Every so often something happens that brings it home to you that time is passing. That baby you were sure you only saw a few weeks ago is starting school in September. That person you haven’t seen for ages has suddenly got old. You look in the mirror and realise that you’re getting old…
But what is old, anyway? I’ve been thinking about that question a lot because I’m pondering a new set of books set round a sheltered senior living complex by the sea to follow on from the Lavender House series. Not an old people’s home but somewhere you’d downsize to, knowing help was on hand. Somewhere with flats built above an amazing bakers shop which has a little cafe attached. With the craft shop I wrote about in ‘Sunshine and Shadow’ next door to it and a small supermarket on the other side. It’s built so it faces onto the sea; and if you’ve never been to Sandbanks then you really should go, because the views are amazing.
It’s not a place to retire from life so much as to go to so that you can delegate some of the boring bits to someone else and not leave your family worrying about you or panicking because you can’t manage by yourself or they think you’re lonely. And quite often you are lonely, but it’s not the sort of loneliness that can be cured by plonking you in a crowd of people. It’s the loneliness that comes when you lose someone you’ve loved so long and well that they’re practically part of you. Or when the world you thought you knew has been turned upside down and you don’t feel as if you belong anywhere any more.
I think far more people feel this sense of disassociation than can admit or explain it, and that the usual advice - join a class, volunteer, get out and meet people, is probably quite right. But there also needs to be a time to acknowledge that one world has ended and a new one has to follow even though you don’t want it to. The formal mourning period, if you like, and it doesn’t only apply after a death.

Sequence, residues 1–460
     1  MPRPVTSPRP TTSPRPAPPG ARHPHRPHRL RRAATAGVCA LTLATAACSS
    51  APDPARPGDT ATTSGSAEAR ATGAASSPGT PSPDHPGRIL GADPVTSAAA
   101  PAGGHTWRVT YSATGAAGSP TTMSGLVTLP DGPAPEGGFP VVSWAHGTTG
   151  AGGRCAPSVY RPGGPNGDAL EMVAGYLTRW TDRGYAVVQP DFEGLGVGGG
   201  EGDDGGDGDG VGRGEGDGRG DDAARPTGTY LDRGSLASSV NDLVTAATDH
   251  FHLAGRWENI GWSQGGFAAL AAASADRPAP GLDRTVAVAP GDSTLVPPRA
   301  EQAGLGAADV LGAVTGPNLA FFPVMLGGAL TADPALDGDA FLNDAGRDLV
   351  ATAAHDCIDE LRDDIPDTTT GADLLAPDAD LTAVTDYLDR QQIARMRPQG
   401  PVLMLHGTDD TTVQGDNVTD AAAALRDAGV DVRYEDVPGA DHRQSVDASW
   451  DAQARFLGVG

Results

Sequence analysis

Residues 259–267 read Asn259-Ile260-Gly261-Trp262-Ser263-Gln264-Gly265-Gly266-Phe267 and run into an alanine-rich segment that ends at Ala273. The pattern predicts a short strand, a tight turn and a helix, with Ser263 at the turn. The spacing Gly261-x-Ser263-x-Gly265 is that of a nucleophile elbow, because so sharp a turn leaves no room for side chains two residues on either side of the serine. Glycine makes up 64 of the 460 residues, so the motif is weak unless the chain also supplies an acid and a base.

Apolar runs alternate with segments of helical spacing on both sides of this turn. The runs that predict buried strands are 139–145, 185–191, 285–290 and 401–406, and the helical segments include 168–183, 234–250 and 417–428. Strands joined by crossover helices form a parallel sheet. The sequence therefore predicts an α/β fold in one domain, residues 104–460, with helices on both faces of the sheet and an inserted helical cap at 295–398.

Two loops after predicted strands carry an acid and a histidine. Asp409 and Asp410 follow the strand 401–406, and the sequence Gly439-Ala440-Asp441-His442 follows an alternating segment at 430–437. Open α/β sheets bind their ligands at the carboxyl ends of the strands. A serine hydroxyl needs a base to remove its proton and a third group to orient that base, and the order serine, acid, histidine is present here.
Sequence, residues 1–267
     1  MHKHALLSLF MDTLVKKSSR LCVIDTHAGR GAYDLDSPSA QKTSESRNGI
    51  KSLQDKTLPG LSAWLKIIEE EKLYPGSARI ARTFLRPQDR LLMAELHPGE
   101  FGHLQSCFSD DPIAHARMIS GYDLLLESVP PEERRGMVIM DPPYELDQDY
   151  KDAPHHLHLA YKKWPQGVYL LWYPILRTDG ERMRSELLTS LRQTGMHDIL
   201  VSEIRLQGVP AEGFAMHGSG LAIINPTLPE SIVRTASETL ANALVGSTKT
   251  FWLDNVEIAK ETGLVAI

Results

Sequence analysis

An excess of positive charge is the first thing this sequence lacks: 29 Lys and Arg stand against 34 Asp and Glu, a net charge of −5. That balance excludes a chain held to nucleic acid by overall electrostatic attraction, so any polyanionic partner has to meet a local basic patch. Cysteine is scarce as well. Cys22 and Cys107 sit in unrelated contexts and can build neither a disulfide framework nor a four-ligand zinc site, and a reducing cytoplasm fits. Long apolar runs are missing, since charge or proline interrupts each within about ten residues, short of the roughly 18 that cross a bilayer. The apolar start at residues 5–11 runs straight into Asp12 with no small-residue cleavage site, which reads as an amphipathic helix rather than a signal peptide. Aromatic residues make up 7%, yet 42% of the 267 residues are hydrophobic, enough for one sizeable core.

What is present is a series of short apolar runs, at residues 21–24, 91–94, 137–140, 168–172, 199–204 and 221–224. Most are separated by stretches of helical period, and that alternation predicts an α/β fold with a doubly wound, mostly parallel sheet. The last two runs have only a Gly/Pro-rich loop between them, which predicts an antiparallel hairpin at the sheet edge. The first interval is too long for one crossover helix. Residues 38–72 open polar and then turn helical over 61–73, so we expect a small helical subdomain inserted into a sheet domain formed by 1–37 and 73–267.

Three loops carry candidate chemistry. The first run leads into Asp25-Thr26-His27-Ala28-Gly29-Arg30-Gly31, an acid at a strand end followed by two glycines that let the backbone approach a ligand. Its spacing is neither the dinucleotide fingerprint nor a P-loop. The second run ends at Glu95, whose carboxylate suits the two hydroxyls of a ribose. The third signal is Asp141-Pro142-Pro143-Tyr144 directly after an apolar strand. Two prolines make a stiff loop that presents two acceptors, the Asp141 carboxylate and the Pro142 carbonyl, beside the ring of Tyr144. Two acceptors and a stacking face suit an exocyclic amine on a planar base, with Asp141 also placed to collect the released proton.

So Harbourside is going to be a place where people are reassessing their lives. Where families are in and out. Or where people have no family. Where people know exactly what they want; and are maybe doing too much to block out the emptiness. Or not doing anything at all. Because I don’t think romance ought to be just for the young. Obviously, it’s different when you’re older. How could it not be? And older isn’t what it used to be when I was young because obviously I’m not old. If I live as long as my grandmother then I still have a third of my life to go, and this year has been an amazing transformational one because I promised myself almost a year ago that I would stop dreaming and start going for it.
But I’ll tell you about that next week. For this week, I’d like to know what you think about this idea. I’m going to have a couple of plots running in each book and it won’t all be tidied up at the end of the last chapter because life doesn’t work like that. What I hope it will have is the sense when you get when you’re beside the sea. It’s a feeling that there is time and space for everything and sometimes the very best thing you can do is slow down and watch the boats and the waves or walk by the water and collect shells and let the rest of the world go on without you while you think great thoughts or don’t think at all…
Today's picture is the view from the boat that takes you across to Brownsea Island. There's the visitor's centre, there's the landing stage and there, most of all, is the peace I'm trying to capture. Which is all the harder after that oil spill but I believe in our Harbour Commissioners and all the people who are working to sort it out. They're some of my heroes and heroines, along with the wildlife workers so of course I'll write them the happy endings theyd deserve.